Northern Ireland will not be ready for Brexit disruption
A UK National Audit Office report says all borders will face widespread disruption come January 1, even with a deal in place
London — Northern Ireland will not be ready on January 1 to implement the systems needed to keep trade moving with the rest of the UK as required by the Brexit deal, the UK National Audit Office (NAO) said on Friday.
The NAO, which reviews government spending, said that all UK borders will face widespread disruption when Britain finally leaves the EU’s orbit, even if it strikes a trade deal with the bloc.
“There is a risk that widespread disruption could ensue at a time when government and businesses continue to deal with the effects of Covid-19,” it said.
From January 1, exporters will need to file customs and safety declarations, even if Britain does secure an agreement. However, the NAO said ports now have little time to integrate or test their systems with the government’s yet-to-be launched IT services, and there are still not enough customs sites or customs brokers to help industry adapt.
One of the most challenging areas will be Northern Ireland, which will require some goods arriving from the rest of the UK to be checked to protect trade with EU member, Ireland.
The NAO said the department responsible for animal and plant checks now believes the systems and infrastructure will not be ready in time. It is exploring contingency options. The report added that the customs office has made good progress but that its work is “very high risk”. It is also looking for alternative options.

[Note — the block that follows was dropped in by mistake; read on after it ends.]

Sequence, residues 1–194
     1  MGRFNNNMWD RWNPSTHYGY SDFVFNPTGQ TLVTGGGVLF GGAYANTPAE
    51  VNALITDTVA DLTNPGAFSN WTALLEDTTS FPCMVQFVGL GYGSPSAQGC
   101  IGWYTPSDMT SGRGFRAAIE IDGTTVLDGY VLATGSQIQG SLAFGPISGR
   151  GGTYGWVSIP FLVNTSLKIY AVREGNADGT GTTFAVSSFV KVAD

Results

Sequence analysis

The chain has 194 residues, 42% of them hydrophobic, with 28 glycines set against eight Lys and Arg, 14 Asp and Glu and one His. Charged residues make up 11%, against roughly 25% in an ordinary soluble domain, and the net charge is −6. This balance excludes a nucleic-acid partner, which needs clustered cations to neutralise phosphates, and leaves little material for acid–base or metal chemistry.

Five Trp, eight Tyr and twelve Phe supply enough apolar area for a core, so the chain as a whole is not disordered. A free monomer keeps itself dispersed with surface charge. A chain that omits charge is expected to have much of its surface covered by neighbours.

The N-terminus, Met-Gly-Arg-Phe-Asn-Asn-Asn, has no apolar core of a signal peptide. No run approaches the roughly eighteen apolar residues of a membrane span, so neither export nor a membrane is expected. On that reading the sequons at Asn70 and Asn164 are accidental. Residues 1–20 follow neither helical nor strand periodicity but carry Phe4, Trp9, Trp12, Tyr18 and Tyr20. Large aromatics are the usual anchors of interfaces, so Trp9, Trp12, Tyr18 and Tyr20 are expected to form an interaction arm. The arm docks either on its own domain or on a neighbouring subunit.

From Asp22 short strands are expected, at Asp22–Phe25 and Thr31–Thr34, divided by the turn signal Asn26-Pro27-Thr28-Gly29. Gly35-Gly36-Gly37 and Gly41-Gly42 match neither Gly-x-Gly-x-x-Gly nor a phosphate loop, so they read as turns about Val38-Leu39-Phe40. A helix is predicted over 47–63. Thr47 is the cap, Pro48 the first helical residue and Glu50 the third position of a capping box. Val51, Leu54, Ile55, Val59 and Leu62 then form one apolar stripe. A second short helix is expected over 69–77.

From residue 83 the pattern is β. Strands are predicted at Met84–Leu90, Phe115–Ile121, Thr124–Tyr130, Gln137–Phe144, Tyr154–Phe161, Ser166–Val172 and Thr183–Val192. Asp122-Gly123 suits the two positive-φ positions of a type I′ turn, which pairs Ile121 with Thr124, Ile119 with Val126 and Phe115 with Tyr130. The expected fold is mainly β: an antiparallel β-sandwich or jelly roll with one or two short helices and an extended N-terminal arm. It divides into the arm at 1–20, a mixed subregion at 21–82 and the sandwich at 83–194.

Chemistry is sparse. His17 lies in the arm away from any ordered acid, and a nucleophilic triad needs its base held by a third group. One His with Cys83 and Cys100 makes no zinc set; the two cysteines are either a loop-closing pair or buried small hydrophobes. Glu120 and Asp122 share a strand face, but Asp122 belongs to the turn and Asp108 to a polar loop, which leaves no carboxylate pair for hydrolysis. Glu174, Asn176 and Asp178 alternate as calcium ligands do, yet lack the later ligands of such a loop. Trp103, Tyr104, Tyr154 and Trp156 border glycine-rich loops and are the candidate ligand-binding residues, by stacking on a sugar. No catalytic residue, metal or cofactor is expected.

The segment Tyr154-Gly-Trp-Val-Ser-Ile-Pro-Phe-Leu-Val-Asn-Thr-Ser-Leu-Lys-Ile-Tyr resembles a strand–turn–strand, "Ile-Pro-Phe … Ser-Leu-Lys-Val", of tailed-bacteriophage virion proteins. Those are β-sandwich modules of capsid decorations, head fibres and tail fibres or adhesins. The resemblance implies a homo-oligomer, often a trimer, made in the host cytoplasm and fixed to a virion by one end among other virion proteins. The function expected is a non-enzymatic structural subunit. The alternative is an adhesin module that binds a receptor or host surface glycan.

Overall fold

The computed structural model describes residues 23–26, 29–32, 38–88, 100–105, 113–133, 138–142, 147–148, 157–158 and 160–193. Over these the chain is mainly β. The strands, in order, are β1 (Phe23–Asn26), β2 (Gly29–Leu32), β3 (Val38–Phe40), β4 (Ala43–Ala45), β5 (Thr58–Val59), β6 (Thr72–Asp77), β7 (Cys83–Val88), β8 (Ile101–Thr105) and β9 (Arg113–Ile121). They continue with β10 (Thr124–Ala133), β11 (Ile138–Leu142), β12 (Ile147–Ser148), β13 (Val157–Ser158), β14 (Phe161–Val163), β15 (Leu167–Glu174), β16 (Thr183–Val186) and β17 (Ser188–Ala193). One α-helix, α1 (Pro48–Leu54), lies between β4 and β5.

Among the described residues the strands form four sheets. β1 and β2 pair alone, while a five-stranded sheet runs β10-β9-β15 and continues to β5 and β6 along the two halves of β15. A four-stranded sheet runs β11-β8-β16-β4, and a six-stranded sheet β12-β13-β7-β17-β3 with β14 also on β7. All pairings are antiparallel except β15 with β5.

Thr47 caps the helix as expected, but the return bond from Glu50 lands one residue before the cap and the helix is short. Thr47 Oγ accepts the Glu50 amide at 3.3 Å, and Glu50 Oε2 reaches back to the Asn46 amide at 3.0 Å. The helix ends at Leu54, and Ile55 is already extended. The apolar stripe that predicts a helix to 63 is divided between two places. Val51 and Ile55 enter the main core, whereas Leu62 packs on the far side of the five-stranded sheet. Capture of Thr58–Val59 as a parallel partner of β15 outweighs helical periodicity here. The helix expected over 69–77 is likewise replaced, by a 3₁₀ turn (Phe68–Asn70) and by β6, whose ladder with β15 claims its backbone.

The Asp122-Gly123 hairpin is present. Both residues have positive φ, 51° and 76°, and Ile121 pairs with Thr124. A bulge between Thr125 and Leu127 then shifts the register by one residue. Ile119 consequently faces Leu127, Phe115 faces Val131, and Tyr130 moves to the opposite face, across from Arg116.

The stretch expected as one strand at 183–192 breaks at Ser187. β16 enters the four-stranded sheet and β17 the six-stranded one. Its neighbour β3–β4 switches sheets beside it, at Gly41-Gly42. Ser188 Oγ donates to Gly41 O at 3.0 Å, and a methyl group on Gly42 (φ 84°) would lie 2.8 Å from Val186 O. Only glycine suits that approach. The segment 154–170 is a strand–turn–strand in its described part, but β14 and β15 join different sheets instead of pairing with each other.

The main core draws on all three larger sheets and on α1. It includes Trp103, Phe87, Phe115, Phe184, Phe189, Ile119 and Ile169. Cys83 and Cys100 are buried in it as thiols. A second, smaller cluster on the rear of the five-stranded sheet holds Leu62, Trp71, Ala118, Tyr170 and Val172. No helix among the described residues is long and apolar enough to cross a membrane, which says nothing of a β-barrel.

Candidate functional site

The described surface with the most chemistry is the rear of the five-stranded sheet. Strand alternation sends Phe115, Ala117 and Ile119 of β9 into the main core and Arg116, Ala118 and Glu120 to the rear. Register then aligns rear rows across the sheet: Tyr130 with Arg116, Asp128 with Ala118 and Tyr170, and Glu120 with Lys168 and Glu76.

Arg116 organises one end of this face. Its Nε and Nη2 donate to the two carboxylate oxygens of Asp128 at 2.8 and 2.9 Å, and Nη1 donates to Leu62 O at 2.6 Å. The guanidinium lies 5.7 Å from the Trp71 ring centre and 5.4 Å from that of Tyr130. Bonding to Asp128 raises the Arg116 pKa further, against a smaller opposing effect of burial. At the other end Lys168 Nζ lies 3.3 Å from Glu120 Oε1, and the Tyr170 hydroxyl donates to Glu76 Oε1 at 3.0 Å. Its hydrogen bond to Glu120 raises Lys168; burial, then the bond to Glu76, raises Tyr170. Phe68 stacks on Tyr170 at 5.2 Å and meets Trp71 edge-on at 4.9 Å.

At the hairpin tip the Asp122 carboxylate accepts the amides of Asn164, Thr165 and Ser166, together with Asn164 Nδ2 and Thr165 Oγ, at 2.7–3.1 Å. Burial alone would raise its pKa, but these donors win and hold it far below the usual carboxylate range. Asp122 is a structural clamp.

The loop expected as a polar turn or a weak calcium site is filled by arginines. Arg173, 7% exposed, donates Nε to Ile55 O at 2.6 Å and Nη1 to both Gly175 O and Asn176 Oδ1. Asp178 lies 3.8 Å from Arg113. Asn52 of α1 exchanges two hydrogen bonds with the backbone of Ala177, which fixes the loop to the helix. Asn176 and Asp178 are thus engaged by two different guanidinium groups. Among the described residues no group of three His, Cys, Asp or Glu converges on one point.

The plans for the sensitive province of Northern Ireland helped Britain secure an exit deal with the EU, and Brussels has said that a full and timely implementation is crucial.
While the European Commission declined to comment on Friday’s report, two European diplomats said that while certain elements are clearly not going to be ready, the bloc could live with temporary arrangements that guarantee strong controls.
Other areas of concern include problems with preparing transit that enables goods to move across multiple EU borders with fewer checks, and the software that needs to cope with an expected 270-million customs declarations a year.
Meg Hillier, an opposition MP who chairs parliament’s committee of public accounts, said it is incredibly worrying that, with two months to go, critical computer systems have not been tested and a key customs system needs to be rebuilt.
In its defence, the government said it has given £84m to train customs intermediaries, phased in paperwork demands for imports and boosted logistics for critical goods.
It also warned, however, that 7,000 trucks could be held in queues in Kent, southeast England, if traders are not ready. The Bank of England said on Thursday that GDP is likely to suffer a 1% hit from the trade changes, even if a deal were secured.
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